Jesus is in Tyre, a long way from home.  He’s moved beyond the familiar, out of those towns where people remember his mother and his father. He is in a northern area that today, would be in a part of Lebanon.  Though Jesus seems to be trying to get away for a little while, no sooner does he get to this out-of-the-way place, that he meets a woman who asks for his help. 

Mark the Evangelist goes out of his way to show that this woman is foreign to Jesus. Different language. Different religious background, different people. She begs Jesus to cast out a demon from her little girl. But Jesus shrugs her off, repeating what must have been an expression of his day, “Let the children be fed first, for it is not fair to take the children’s food and throw it to the dogs.” It probably sounded as rude to her as it does to us. Jesus here implies that the “children” are the children of Israel, God’s chosen people. Jesus understands his own mission (to the extent that he understands it) as being for Israel, for the Jews—not for others. And so, this woman’s problems are simply outside his purview, beyond his job description. He’s tired. He’s already healed and taught and been faithful, and just doesn’t have any more to give.

But the woman snaps back, “It may not be fair to take the children’s food and throw it to the dogs— but even the dogs under the table eat the children’s scraps.”

And then something shifts for Jesus.  It’s as though he’s awakened and given a second wind of the Spirit. I wonder if Jesus didn’t laugh at the women’s sharpness. But through this interaction and the power of God, the little girl who is at home, is healed. And Jesus is suddenly present in a new way.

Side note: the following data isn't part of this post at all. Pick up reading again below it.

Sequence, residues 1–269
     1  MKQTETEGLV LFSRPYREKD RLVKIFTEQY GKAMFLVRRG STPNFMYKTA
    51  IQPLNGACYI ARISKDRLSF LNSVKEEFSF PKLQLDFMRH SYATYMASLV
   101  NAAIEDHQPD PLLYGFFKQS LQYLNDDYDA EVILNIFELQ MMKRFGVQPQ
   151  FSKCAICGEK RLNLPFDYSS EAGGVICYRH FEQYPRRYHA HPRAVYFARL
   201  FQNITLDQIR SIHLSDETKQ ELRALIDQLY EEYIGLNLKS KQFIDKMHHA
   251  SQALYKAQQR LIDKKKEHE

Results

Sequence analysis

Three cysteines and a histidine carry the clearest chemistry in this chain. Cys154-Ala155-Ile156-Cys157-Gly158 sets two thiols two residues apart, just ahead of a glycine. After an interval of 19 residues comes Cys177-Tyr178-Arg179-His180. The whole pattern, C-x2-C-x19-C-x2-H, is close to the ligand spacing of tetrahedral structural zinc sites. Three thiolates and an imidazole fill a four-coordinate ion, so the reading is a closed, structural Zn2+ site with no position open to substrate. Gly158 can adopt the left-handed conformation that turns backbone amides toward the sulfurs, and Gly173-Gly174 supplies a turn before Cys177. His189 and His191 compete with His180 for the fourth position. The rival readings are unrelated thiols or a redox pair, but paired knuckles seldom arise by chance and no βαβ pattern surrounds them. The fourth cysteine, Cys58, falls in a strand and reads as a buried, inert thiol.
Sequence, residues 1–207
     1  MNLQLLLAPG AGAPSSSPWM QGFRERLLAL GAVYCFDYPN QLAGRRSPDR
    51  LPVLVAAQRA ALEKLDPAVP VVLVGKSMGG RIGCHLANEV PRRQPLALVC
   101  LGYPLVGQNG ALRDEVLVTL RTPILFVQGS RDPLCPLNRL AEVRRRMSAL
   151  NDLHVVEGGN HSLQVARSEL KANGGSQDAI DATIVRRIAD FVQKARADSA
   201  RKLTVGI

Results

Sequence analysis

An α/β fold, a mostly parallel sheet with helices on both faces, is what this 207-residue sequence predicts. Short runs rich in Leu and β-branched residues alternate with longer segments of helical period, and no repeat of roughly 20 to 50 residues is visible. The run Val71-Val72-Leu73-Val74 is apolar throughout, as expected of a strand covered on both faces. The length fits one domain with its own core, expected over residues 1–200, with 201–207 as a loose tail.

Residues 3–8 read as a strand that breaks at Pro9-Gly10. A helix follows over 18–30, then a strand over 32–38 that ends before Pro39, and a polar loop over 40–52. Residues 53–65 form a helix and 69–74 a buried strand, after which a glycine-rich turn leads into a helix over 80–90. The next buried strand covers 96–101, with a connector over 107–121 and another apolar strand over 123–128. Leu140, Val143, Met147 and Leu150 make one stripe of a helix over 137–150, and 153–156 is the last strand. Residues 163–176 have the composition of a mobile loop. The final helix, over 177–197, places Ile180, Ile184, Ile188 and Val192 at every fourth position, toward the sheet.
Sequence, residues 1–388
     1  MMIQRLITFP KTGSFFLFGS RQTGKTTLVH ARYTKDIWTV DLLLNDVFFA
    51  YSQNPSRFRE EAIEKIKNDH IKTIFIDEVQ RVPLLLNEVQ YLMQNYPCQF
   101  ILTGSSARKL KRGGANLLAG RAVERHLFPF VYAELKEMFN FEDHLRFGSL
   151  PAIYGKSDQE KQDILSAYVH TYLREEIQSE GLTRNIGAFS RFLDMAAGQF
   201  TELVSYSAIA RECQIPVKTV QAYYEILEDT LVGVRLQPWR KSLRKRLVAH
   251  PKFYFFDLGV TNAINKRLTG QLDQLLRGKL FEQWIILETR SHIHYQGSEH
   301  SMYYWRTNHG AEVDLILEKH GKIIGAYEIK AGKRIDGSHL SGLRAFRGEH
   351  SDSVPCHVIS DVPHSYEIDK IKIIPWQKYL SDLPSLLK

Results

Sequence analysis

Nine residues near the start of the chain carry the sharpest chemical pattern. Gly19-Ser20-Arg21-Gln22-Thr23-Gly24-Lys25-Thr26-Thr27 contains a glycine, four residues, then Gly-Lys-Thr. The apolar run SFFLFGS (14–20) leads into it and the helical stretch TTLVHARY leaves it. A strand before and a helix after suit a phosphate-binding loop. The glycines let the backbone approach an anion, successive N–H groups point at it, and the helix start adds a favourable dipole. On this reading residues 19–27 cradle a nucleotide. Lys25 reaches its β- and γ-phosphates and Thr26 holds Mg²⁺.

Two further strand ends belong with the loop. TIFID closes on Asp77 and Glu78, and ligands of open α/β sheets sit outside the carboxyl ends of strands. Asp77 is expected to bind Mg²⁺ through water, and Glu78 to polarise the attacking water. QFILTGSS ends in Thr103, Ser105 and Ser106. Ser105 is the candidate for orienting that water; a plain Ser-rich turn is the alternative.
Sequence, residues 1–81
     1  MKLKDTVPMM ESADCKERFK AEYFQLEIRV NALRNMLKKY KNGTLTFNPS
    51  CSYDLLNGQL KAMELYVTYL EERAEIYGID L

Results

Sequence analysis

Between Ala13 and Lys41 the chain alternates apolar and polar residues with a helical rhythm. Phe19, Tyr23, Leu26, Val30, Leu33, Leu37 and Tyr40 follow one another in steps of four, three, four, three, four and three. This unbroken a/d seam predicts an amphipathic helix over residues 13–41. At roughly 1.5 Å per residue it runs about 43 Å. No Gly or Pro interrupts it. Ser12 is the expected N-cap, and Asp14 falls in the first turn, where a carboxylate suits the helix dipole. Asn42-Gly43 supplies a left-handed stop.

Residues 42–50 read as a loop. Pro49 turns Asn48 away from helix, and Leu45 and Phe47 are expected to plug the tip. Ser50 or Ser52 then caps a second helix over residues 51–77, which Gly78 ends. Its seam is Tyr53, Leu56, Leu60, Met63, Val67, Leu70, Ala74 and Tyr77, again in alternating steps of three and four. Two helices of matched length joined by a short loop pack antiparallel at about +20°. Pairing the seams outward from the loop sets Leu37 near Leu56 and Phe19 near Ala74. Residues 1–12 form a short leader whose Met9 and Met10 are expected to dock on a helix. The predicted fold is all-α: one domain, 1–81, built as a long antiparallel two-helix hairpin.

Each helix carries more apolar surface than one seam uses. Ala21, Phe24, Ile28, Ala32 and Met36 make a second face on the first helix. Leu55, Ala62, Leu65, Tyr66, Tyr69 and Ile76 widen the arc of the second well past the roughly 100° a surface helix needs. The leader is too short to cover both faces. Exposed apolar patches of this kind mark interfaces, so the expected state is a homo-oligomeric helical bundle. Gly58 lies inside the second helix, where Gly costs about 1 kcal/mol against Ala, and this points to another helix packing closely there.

By the time of the second part of the Gospel, Jesus has had time to think about this encounter with the Syrophoenician woman and the healing of her daughter, and Jesus is more careful. He’s what many would call in our day, “more mindful.”

What can we do, if we’re feeling a little bit of compassion fatigue?  There are lots of things, and a number of them have to do with taking care of oneself and practicing appropriate boundaries. Now, I realize this can sound a bit like the “wellness” column from the Times, but it’s also deeply biblical and deeply faithful to make sure that oneself is grounded, connected to God, and as full of God’s Spirit as possible, before being of any real use to God and the world. The Quaker writer Parker Palmer notes well, “Self-care is never a selfish act – it is simply good stewardship of the only gift I have, the gift I was put on earth to offer others. Anytime we can listen to true self and give the care it requires, we do it not only for ourselves, but for the many others whose lives we touch.” (Let Your Life Speak: Listening for the Voice of Vocation)

Jesus returns to more familiar territory in Galilee, and some people bring him a man who has a speech impediment. But notice the sorts of things Jesus does.